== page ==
A capillary electrophoresis (CE)-capacitively coupled contactless conductivity detection (C(4)D) method for the simultaneous separation of eleven underivatized fatty acids (FAs), namely, lauric, myristic, tridecanoic (internal standard), pentadecanoic, palmitic, stearic, oleic, elaidic, linoleic, linolenic and arachidic acids is described. The separation was carried out in normal polarity mode at 20 °C, 30 kV and using hydrodynamic injection (50 mbar for 1 s). The separation was achieved in a bare fused-silica capillary (70 cm × 75 μm i.d.) using a background electrolyte of methyl-β-cyclodextrin (~6 mM) and heptakis-(2,3,6-tri-O-methyl)-β-cyclodextrin (~8 mM) dissolved in a mixture of Na2HPO4/KH2PO4 (5 mM, pH 7.4):ACN:MeOH:n-octanol (3:4:2.5:0.5, v/v/v/v). C(4)D parameters were set at fixed amplitude of 100 V and frequency of 1000 kHz. The developed method was validated. Calibration curves of the ten FAs were well correlated (r(2)>0.99) within the range of 5-250 μg mL(-1) for lauric acid, and 3-250 μg mL(-1) for the other FAs. The method was simple and sensitive with detection limits (S/N=3) of 0.9-1.9 μg mL(-1) and good relative standard deviations of intra- and inter-day for migration times and peak areas (≤9.7%) were achieved. The method was applied to the determination of FAs in margarine samples. The proposed method offers distinct advantages over the GC and HPLC methods, especially in terms of simplicity (without derivatization) and sensitivity.
A simple sample preparation technique coupled with reversed-phase high-performance liquid chromatography was developed for the determination of tocopherols and tocotrienols in cereals. The sample preparation procedure involved a small-scale hydrolysis of 0.5g cereal sample by saponification, followed by the extraction and concentration of tocopherols and tocotrienols from saponified extract using dispersive liquid-liquid microextraction (DLLME). Parameters affecting the DLLME performance were optimized to achieve the highest extraction efficiency and the performance of the developed DLLME method was evaluated. Good linearity was observed over the range assayed (0.031-4.0μg/mL) with regression coefficients greater than 0.9989 for all tocopherols and tocotrienols. Limits of detection and enrichment factors ranged from 0.01 to 0.11μg/mL and 50 to 73, respectively. Intra- and inter-day precision were lower than 8.9% and the recoveries were around 85.5-116.6% for all tocopherols and tocotrienols. The developed DLLME method was successfully applied to cereals: rice, barley, oat, wheat, corn and millet. This new sample preparation approach represents an inexpensive, rapid, simple and precise sample cleanup and concentration method for the determination of tocopherols and tocotrienols in cereals.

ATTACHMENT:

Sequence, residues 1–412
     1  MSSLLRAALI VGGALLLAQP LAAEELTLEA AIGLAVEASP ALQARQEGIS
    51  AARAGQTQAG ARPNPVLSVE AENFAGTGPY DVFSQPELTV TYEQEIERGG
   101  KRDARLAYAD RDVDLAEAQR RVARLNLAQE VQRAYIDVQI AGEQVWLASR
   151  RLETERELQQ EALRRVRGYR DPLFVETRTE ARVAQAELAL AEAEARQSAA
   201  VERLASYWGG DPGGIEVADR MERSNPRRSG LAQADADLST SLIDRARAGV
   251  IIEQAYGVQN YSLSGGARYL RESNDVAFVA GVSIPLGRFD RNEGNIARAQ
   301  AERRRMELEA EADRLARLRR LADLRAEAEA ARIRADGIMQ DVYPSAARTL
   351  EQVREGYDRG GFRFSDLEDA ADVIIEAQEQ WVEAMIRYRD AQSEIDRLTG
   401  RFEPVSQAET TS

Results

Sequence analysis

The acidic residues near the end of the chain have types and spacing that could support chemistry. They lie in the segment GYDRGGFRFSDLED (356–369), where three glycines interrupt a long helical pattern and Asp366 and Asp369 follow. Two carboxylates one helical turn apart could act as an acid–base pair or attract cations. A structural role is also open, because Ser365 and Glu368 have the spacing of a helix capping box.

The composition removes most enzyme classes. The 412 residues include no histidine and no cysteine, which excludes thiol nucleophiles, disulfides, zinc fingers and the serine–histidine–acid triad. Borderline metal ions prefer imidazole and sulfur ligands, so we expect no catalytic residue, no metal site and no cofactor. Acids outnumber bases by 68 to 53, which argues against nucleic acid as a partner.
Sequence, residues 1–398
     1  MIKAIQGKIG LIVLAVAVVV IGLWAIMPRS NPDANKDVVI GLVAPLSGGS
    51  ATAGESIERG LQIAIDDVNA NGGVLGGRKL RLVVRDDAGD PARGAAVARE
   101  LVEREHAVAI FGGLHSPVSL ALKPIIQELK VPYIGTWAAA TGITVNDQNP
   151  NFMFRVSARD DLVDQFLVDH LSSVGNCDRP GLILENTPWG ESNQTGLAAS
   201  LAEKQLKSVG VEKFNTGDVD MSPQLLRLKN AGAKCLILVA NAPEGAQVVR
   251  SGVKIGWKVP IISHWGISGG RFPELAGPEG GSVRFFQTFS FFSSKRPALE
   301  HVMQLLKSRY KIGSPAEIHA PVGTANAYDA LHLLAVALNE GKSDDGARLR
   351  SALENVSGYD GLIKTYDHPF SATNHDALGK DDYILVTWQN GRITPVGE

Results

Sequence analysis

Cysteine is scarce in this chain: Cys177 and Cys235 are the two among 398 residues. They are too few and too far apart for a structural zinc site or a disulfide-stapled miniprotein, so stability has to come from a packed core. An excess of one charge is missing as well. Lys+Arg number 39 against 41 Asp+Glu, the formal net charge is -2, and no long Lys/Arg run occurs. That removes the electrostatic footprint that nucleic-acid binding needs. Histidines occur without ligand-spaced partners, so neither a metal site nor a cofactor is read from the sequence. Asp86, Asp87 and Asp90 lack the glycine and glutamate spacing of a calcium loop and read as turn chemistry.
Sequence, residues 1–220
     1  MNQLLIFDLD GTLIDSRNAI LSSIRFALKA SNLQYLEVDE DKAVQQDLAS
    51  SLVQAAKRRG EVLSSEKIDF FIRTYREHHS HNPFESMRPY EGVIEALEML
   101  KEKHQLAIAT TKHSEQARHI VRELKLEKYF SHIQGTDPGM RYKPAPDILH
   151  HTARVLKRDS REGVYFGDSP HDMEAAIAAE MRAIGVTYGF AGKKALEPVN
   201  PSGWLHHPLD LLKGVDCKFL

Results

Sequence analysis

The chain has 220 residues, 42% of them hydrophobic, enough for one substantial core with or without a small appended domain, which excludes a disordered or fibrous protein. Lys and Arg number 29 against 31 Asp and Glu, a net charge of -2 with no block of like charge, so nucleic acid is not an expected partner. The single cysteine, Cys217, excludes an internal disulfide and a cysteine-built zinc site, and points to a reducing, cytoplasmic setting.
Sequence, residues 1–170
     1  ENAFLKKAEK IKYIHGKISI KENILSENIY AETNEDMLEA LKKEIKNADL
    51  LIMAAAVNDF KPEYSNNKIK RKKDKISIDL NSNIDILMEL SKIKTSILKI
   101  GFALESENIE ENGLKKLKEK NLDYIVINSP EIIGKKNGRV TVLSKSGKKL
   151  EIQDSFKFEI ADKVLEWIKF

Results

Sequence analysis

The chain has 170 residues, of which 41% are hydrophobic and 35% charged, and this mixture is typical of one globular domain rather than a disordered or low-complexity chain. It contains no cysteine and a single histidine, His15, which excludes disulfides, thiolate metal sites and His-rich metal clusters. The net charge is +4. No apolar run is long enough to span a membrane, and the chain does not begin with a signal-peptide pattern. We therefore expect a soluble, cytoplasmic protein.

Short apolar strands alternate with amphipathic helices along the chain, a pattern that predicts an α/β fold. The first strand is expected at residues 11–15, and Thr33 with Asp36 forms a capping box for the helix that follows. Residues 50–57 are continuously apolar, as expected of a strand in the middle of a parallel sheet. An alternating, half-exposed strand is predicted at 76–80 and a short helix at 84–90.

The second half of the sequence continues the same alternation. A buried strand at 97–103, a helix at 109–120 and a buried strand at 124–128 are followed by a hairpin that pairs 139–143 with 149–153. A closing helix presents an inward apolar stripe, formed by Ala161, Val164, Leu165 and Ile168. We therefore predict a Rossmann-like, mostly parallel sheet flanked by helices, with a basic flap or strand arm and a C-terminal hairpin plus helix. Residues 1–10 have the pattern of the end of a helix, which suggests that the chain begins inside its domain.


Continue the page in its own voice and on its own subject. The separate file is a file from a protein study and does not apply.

Agarose film liquid phase microextraction (AF-LPME) procedure for the extraction and preconcentration of polycyclic aromatic hydrocarbons (PAHs) in water has been investigated. Agarose film was used for the first time as an interface between donor and acceptor phases in liquid phase microextraction which allowed for selective extraction of the analytes prior to gas chromatography-mass spectrometry. Using 1-octanol as acceptor phase, high enrichment factors in the range of 57-106 for the targeted analytes (fluorene, phenanthrene, fluoranthene and pyrene) were achieved. Under the optimum extraction conditions, the method showed good linearity in the range of 0.1-200 μgL(-1), good correlation coefficients in the range of 0.9963-0.9999, acceptable reproducibility (RSD 6.1-9.2%, n=3), low limits of detection (0.01-0.04 μgL(-1)) and satisfactory relative recoveries (92.9-104.7%). As the AF-LPME device was non-expensive, reuse or recycle of the film was not required, thus eliminating the possibility of analytes carry-over between runs. The AF-LPME technique is environment-friendly and compatible with the green chemistry concept as agarose is biodegradable polysaccharide extracted from seaweed and the procedure requires small volume of organic solvent and generates little waste. The validated method was successfully applied to the analysis of the four analytes in river water samples.